Monday, February 21, 2005

The Tide Rolls Heavily Like Wine...

John Cale - The Endless Plain Of Fortune

I've recently been bingeing on the Cale Table of The Elements re-issues, three cds of his minimal/drone/noise music from the 60's. They throw new light on his work with The Velvets and make it clear that they were the shop front for an incredible scene.

They also make me appreciate anew his early 70's solo albums, things I've been listening to since I was 15 or so. Anyone who can move from unchanging avant drones to the country rock of "Vintage Violence" and then on to the self styled Baroque and Roll of "Paris 1919" has an unreasonable level of talent and a confidence to match it.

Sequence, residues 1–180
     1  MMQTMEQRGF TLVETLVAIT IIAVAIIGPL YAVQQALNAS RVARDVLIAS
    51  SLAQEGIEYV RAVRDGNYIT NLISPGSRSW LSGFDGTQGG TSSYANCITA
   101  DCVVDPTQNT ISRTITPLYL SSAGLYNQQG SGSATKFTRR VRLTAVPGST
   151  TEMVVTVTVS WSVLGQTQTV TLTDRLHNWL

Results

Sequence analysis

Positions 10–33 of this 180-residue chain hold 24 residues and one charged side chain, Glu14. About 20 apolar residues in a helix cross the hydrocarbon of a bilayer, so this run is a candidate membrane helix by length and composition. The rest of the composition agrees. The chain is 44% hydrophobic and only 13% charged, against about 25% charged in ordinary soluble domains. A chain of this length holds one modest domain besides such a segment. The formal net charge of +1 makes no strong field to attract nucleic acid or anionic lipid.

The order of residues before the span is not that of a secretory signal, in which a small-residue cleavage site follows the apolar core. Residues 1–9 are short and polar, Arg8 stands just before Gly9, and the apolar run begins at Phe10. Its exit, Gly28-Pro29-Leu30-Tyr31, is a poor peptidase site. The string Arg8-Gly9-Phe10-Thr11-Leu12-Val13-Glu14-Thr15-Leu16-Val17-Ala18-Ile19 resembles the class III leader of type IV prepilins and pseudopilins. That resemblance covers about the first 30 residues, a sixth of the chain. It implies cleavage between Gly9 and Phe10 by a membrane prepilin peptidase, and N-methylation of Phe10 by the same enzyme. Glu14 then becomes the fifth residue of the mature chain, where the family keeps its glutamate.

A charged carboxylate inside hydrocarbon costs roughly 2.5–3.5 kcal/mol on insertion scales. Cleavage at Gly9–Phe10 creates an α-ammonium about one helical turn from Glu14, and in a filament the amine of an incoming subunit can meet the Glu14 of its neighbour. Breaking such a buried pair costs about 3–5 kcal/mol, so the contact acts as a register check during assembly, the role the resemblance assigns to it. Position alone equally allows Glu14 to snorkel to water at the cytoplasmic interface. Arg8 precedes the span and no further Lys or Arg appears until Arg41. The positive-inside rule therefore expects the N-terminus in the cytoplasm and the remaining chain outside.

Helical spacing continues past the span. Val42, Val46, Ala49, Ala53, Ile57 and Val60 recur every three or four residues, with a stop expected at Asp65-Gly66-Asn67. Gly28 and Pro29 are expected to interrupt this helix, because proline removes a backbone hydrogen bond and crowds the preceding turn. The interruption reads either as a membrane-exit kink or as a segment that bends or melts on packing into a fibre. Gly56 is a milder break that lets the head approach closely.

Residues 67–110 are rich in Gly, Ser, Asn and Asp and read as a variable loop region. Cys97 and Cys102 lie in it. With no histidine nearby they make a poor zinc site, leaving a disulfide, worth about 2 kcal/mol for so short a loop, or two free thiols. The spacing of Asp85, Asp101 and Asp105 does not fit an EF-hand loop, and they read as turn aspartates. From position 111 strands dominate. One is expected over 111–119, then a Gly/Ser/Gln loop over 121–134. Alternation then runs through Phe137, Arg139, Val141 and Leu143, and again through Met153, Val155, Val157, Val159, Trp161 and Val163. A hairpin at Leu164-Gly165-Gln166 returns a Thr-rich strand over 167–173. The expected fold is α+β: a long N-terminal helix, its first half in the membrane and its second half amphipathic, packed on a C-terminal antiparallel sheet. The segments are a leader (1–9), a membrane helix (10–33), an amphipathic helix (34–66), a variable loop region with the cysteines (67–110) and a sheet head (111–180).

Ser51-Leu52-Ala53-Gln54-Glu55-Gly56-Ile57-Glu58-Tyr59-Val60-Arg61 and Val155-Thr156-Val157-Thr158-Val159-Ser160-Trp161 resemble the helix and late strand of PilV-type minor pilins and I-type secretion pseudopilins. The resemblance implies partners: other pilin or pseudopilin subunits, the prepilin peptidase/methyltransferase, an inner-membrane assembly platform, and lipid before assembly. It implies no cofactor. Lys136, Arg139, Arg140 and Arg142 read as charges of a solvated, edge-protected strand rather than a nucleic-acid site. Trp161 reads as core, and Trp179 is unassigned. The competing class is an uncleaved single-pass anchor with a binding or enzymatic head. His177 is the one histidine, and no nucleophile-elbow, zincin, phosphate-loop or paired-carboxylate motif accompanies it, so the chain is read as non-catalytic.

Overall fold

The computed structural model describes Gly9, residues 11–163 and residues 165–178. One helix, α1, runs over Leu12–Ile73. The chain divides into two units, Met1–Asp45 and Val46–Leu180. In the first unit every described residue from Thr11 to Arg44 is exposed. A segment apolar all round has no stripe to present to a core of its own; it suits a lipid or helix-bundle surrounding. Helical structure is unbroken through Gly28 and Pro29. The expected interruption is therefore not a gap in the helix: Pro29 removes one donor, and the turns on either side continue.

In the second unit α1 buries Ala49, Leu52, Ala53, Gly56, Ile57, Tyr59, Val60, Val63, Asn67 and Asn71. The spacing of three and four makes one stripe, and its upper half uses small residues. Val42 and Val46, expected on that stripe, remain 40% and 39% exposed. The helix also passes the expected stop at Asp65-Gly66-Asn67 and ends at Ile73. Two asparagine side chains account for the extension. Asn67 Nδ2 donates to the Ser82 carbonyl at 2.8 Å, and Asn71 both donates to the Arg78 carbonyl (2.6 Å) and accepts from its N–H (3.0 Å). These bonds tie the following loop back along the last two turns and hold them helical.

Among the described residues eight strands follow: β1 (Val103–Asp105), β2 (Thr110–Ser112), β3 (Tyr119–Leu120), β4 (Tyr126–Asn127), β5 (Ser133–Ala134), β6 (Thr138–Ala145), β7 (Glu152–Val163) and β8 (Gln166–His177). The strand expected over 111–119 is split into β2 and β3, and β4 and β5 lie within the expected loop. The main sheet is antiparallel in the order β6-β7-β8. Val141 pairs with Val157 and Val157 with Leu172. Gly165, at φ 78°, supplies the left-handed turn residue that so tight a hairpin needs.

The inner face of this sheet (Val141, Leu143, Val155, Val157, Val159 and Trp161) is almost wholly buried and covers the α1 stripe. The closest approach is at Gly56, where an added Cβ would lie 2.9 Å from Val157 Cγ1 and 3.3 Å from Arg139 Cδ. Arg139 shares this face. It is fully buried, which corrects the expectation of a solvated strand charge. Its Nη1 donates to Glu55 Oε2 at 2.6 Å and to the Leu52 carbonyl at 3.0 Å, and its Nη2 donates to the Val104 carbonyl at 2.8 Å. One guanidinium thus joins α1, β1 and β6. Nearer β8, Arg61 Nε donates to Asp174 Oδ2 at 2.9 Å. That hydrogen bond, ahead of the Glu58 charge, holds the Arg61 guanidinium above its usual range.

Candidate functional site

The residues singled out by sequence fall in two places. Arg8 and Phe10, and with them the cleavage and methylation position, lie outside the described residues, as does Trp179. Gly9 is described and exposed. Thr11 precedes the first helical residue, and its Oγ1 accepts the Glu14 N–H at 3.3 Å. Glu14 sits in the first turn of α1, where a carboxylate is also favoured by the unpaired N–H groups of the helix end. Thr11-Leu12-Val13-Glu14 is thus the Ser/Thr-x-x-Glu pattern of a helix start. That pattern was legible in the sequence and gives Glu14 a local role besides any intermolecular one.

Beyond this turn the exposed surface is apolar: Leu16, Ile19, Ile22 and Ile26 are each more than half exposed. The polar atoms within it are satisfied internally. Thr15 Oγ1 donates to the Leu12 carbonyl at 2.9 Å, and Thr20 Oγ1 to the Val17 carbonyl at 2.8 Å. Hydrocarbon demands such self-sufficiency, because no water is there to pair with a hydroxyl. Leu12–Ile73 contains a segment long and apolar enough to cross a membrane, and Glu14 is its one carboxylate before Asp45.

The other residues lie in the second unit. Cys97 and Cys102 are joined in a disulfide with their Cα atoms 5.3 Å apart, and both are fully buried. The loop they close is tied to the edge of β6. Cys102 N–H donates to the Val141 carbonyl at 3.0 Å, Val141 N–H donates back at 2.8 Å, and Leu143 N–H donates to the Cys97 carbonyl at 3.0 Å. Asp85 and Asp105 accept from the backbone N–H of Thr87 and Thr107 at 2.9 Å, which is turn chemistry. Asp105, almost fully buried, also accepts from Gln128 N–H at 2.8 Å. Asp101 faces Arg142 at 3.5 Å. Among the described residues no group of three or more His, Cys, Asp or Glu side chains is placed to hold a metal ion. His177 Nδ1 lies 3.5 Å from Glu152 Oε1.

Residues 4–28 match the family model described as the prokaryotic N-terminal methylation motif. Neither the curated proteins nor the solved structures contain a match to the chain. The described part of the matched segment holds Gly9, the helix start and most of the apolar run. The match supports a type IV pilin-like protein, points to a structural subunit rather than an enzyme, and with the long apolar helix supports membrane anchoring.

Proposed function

From "Paris 1919" comes "The Endless Plain of Fortune". Like many of his best songs, literal meaning is abandoned in pursuit of resonance and depth as strange as that found in old folk songs or Grimm's Tales.

And if you want more resonance, the title of the album harks back to a time and place of huge significance: Cocteau, Picasso, The Ballet Russe, Dada and onto Surrealism, the latter evoked by the sequence of photos on the back of the sleeve, portraying Cale in white suit collapsing into trance like Robert Desnos.

Here is a man who is hotwiring myths, stealing songs from old maps and statues. Greatness.

Buy - John Cale - Paris 1919
Visit - John Cale


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